Broadband providers fight constantly for customers, features and benefits playing like movie trailers, low sultry voices and hot young bodies glistening for your broadband/wireless entertainment dollar.  Don’t think for a minute that profit and loss doesn’t drive these campaigns.  Absolutely they do.  Companies are also mindful of competition and the pricing structures, keeping it real even if they don’t want to.  Charge content providers an exorbitant or unfair tax or surcharge to gain access to the pipe, they run the risk of content companies (and I know some are vertically integrated) saying, No Thanks. Taking their business elsewhere.
     There is no deliberative body, domestically or internationally, regulating internet content, space allocation, site names, the number of servers, or the proliferation of web commerce.  No one, worldwide.  Ever hear someone complain, I needed a business website but they were all gone?  Won’t happen. 
     Until there's an end in site to broadband spectrum, and there won’t be in our lifetime, the FCC’s business should be monitoring traffic for threats against the country, child porn predators, illegal drug and arms traffic. Stay out of the business of broadband network investment, stop pretending to be the traffic cops of content providers and the arbiter of digital shelf space.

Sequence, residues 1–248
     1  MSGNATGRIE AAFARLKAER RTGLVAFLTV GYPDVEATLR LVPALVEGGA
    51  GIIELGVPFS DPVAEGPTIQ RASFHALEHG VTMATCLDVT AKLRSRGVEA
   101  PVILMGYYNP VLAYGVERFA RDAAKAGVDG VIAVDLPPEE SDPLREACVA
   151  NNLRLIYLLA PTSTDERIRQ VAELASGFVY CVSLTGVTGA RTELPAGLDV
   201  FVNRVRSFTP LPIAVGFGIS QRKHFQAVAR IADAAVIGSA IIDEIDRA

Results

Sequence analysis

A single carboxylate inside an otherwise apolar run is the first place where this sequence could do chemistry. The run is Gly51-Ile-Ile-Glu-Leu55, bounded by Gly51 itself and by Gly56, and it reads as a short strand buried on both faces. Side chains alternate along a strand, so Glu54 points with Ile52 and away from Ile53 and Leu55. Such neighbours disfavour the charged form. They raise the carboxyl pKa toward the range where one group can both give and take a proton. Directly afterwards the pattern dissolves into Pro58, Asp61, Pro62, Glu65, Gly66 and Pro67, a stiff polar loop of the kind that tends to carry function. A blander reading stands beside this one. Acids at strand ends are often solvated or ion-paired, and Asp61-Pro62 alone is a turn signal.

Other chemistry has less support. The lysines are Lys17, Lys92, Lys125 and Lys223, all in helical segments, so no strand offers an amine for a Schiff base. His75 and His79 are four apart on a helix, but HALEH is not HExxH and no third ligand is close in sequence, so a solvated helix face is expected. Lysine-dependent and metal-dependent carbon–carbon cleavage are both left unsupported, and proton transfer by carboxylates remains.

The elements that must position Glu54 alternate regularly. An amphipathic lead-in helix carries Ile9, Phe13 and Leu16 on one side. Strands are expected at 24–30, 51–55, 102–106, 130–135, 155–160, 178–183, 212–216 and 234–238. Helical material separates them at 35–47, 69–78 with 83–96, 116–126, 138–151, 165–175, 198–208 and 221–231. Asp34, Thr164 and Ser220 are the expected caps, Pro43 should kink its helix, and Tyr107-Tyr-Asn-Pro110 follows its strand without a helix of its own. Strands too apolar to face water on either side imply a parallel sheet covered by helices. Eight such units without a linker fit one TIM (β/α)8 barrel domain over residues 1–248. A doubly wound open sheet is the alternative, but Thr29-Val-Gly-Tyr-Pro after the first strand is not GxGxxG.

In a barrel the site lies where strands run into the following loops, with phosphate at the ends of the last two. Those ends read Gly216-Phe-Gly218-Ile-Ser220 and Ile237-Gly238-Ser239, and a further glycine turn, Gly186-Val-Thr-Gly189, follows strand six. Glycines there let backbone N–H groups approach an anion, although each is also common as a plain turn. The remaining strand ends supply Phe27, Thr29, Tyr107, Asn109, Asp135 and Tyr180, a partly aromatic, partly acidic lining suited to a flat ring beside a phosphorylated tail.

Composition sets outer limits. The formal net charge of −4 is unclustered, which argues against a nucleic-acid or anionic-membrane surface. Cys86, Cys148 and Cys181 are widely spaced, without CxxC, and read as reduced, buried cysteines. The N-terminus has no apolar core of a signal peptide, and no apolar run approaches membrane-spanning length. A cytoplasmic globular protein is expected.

After all, nobody complains that Coca Cola pays premiums to display their goods every day in supermarkets throughout the country.  Is that a bad thing?  I submit that it isn't. 


Timecheck said...

Well, not convinced that corporations are our friends, particularly the big public utility types. Expensive infrastructure, so very few players. I may be slightly paranoid, is that like slightly pregnant?, but I can see an entirely unspoken "gentleman's agreement" that it is in the best interests CEOs to not compete on the basis of price, just the number of movies you can record on the dvr, etc.

We regulate electric utilities, gas utilities, water, telephone to see that the majority of the public is served. Those are all high investment businesses, essential to the public. Left unchecked, they tend to act like monopolies. There is that famous saying about electric utilities: "all power corrupts".

Timecheck said...

"They" are watching! At the very moment I was posting my prior slightly jaundiced view of corporations and public utilities, a large unauthorized cramming charge was being posted to my phone bill. "the 1996 communications act forced us to accept these 3rd party charges" says the phone company. All I can say is that if someone phones you, and mentions Encino, CA and particularly - if they have anything to do with 16133 Ventura Blvd, Suite 855, Run, Run, Run away as fast as you can. Under no conditions say yes to anything.